Armstrong Loses Bid to Nix Insurer’s $3M Suit

     AUSTIN (CN) – A Texas judge refused to toss an insurance company’s $3 million lawsuit against disgraced cyclist Lance Armstrong over bonuses paid for his Tour de France victories from 1999 to 2001.
     Iowa-based Acceptance Insurance Co. sued Armstrong and Tailwind Sports, his management company, in Travis County Court in March.
     Armstrong was stripped of his seven Tour vict     ories and banned from cycling for life in 2012 after the U.S. Anti-Doping Agency released a “reasoned decision” that accused Armstrong of running the most sophisticated doping program in sports history.
     
Armstrong confirmed the accusations in a televised interview with Oprah Winfrey in January.
     
Travis County Judge Darlene Byrne rejected Armstrong’s motion to dismiss on July 8, according to ESPN.com.
     Armstrong had argued that the statute of limitations on fraud or breach of contract claims expired by 2011, while the insurer said the clock did not start until Armstrong admitted to doping.
     
Mark Kincaid, the insurer’s attorney, told ESPN.com that his client will seek to question Armstrong and other witnesses under oath, something the cyclist has yet to do.
     
“Lance Armstrong would be the No. 1 witness,” Kincaid said.
     Acceptance claims Armstrong voided the policy and committed fraud by doping and cheating. It says the policy excludes any loss caused by a dishonest or fraudulent act and excludes any claim “arising out of fraud, misrepresentation, collusion or dishonesty.”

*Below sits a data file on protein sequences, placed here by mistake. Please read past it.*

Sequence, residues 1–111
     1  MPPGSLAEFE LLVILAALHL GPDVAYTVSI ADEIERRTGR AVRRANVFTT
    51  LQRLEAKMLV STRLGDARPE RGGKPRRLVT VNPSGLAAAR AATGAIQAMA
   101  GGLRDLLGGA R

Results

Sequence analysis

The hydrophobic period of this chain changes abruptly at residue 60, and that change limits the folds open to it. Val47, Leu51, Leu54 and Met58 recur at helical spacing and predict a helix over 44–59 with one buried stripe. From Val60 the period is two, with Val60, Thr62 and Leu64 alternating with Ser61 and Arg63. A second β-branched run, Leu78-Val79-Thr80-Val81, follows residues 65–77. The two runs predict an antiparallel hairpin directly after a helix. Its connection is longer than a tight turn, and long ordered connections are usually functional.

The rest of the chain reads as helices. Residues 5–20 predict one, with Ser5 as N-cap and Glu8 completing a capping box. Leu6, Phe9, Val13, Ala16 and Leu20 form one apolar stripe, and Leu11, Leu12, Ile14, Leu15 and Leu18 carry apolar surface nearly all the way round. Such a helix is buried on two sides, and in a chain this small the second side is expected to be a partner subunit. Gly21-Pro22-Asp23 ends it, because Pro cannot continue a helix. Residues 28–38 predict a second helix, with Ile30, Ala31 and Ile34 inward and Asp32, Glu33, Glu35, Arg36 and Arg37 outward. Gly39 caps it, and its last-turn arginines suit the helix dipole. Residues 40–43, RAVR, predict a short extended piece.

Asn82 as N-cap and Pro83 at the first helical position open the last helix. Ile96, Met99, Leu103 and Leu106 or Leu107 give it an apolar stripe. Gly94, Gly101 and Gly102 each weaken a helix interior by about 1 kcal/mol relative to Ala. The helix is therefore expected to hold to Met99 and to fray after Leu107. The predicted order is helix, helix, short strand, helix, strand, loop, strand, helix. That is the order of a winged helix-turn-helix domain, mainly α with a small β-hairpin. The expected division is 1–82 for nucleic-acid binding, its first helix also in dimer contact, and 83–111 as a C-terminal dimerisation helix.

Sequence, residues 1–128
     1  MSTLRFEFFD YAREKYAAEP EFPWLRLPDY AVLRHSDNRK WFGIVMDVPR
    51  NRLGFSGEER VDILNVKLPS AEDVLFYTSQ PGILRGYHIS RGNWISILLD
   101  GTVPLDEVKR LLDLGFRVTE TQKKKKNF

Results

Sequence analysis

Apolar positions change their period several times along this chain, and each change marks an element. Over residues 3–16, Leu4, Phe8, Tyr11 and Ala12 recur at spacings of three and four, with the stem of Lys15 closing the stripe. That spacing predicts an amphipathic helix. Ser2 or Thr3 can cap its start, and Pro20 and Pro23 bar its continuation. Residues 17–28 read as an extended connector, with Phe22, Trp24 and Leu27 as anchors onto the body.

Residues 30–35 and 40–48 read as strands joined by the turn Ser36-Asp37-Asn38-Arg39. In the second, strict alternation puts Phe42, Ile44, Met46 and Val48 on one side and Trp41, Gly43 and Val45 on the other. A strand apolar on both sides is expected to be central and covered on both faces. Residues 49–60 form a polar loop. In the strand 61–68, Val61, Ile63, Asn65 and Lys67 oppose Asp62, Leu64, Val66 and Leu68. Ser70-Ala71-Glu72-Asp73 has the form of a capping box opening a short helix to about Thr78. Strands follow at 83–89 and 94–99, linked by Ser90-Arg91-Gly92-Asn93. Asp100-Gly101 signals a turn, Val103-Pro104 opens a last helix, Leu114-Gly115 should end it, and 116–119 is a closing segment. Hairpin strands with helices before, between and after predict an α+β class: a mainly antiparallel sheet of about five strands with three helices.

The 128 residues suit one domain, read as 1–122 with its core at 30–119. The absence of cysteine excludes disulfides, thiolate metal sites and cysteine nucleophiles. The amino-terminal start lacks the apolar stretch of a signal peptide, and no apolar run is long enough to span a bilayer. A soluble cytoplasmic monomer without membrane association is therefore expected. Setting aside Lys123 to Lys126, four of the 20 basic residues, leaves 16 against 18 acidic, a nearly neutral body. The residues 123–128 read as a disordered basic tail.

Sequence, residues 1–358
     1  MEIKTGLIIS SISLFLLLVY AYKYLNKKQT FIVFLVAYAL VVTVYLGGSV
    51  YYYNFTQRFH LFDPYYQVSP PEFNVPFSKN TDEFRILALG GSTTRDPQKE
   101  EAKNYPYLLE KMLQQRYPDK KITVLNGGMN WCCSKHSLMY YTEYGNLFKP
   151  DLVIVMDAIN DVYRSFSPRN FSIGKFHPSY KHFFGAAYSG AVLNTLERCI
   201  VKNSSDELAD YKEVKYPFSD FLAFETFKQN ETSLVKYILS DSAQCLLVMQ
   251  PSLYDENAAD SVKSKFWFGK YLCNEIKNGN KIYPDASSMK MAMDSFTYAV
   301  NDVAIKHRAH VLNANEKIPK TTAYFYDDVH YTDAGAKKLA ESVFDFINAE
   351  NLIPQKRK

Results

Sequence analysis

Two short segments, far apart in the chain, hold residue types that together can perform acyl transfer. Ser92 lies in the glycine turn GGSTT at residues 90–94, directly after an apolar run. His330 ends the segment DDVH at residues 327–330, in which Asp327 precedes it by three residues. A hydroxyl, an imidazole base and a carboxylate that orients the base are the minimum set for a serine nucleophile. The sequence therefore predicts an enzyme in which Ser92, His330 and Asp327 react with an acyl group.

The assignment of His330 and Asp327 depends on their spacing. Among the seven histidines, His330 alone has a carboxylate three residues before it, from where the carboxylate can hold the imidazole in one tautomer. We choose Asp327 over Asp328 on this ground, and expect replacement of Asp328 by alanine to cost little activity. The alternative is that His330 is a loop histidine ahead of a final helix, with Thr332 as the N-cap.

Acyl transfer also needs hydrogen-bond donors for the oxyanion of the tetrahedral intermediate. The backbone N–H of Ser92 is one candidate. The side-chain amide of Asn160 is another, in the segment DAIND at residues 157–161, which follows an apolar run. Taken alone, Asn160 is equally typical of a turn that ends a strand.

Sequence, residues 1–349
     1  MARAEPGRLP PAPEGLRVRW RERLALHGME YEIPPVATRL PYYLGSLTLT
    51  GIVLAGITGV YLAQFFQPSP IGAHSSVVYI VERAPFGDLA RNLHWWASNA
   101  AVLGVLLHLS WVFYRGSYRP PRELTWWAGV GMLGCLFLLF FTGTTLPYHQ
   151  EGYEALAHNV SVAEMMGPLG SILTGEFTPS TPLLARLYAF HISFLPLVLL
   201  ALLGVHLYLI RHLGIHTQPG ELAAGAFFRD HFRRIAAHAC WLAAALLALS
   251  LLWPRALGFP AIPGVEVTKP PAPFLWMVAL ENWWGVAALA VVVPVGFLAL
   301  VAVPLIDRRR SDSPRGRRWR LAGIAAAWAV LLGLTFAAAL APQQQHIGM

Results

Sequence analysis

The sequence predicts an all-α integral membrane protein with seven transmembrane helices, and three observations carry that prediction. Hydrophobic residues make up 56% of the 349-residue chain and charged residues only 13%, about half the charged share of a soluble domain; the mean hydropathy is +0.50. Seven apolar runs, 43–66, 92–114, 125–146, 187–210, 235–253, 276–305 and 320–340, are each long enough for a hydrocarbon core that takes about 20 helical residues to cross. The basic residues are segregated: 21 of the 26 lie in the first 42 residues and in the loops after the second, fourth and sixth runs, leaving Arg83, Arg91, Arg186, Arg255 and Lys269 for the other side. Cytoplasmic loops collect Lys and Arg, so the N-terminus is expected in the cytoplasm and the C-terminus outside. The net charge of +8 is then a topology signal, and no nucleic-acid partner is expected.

Acceptance is the second insurer to sue Armstrong since his doping admission. In February, Dallas-based SCA Promotions sued Armstrong, his agent William Stapleton and Tailwind in Dallas County Court, demanding the return of $12 million in bonus money paid for subsequent Tour wins.
     
Unlike Acceptance, SCA initially refused to pay Armstrong and questioned the legitimacy of his victories. This resulted in Armstrong and Tailwind suing SCA in 2004 for a $5 million bonus for his Tour victory in 2003.
     Armstrong took SCA to arbitration in 2005 and won, as he had been named the official winner of the Tour. The parties settled in 2006, and Armstrong was paid.          
     SCA claimed Armstrong made two statements during arbitration: first, that he told a “critical” lie under oath, that he had “never, ever” used performance-enhancing drugs in his entire career.
     Second, SCA says the defendants assured it and the arbitrators that if Armstrong had cheated, and was subsequently stripped of his Tour titles, he would be obligated to refund the prize money paid by SCA.

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